5. The phone can have a fatal accident. My husband drowned his phone in the lake. Didn’t even remember it was in his pocket for several hours. My friend’s husband has dropped his phone in the toilet. Twice. Swim teachers lose phones as do life guards. My son had his phone in a dry bag during a float trip. Someone else opened the bag and didn’t reseal it.
  6. Someone can worry they are being tracked by their phone. If they leave it behind, they can’t use it if they need to make a call.
  7. Someone (probably me) has turned off their ringer.

We often live like we are attached to our phones but really it isn’t that hard to take one out in order to complicate your character’s life.


Proto-Science Fiction

In my reading this week, I came upon a term I had never heard before – proto-science fiction. Am I the only one who hadn’t heard this before?

Many people think of science fiction as a product of modern science, but proto-science fiction is much earlier and may actually have led the way for modern scientific inquiry. It isn’t that proto-science fiction was the only force behind the development of modern science but it helped people imagine other worlds and other ways of living Or people think of “classic” science fiction from the 1960s.

But the books discussed in “The Science Fiction that Came Before Science” by Edward Simon are anything but modern. Often Mary Shelley’s Frankenstien is named as the first. But the article I read included these titles:

Thomas More’s Utopia (1516)
Francis Bacon’s New Atlantis (1627)
Johannes Kepler’s Somnium (1634)
The Man in the Moone by Francis Godwin (1638)
Margaret Cavendish’s The Blazing World (1666)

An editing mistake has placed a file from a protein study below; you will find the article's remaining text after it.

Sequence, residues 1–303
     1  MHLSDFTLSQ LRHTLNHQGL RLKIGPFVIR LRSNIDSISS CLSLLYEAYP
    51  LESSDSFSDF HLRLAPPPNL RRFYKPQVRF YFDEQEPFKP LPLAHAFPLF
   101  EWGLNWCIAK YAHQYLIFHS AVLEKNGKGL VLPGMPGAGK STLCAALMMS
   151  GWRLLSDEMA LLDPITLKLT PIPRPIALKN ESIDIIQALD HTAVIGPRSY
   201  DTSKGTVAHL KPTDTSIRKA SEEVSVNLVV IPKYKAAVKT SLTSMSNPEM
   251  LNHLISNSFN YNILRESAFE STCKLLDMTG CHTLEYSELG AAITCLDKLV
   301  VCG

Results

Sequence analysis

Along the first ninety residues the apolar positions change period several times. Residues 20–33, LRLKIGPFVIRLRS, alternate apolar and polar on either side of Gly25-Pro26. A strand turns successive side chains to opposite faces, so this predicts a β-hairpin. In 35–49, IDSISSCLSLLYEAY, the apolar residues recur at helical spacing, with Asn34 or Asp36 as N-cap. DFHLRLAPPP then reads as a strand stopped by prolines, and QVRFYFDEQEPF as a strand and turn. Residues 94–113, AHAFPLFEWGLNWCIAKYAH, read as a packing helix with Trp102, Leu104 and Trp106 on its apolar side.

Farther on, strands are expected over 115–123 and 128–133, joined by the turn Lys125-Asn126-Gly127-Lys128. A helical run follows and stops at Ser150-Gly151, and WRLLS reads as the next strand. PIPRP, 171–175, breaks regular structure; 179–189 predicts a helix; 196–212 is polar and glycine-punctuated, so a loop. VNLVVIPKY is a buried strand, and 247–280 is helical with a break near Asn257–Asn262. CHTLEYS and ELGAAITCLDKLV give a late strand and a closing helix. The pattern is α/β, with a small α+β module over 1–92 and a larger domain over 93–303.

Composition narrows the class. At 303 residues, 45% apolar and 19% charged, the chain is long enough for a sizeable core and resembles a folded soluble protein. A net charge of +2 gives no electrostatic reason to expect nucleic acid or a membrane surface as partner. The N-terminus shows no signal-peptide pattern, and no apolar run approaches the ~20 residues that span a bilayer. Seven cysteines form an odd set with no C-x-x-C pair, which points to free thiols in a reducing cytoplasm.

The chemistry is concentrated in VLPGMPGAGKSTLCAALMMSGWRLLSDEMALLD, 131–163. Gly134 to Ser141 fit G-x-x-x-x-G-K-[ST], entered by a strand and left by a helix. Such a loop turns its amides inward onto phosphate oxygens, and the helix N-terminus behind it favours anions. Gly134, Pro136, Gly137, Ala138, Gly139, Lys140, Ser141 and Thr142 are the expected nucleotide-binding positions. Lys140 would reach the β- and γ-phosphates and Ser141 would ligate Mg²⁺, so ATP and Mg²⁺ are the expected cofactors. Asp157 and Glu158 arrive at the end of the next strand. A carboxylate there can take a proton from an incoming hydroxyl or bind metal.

Henry Neville’s The Isle of Pines (1688)
Jonathan Swift’s Gulliver’s Travels (1726)

The only book on this list I’ve read is Gulliver’s Travels. What about you?

There are several other books that I would add to the list including:
Dr. Jekyll and Mr. Hyde by Robert Louis Stevenson
Twenty Thousand Leagues Under the Sea by Jules Verne
Flatland by Edwin Abbott

Soon we will all have access to even more work that precedes classic science fiction. MIT Press has created a series of books called Radium Age and they are all proto-science fiction. I haven’t read any of these books yet but reviewers are gaining access to the galleys online even as I type this. It will be interesting to see what pieces emerge from the vaults (or wherever). I love seeing how people thought we would be living! Of course, it also makes me wonder what we get right and what we get wrong in the stories we right.


Someone Familiar with a Unique Twist: Writing a Picture Book Biography

I love finding a top notch picture book biography. That’s kind of funny because I’m not a huge fan of biographies for adult readers but picture book biographies? Yes, please!

The problem for writers is that they can be a hard sell. Go with someone too remote, and you may well be told that their appeal isn’t broad enough. But go with someone that is well known, like Amelia Earhart, and you are going to be told that your topic has already been covered unless you can find a truly unique angle.

That’s what Jennifer Lane Wilson did when she researched and wrote Soaring in Style: How Amelia Earhart Became a Fashion Icon. Sure, readers are going to hear about some things that other books have covered because Wilson set the scene for her readers. They learn what life was like for young girls growing up in Kansas in the early 1900s. Girls were expected to dress just so and to behave in very specific ways. But then Wilson gets into what made Earhart unique – her sense of adventure and her willingness to take risks in the name of WOW.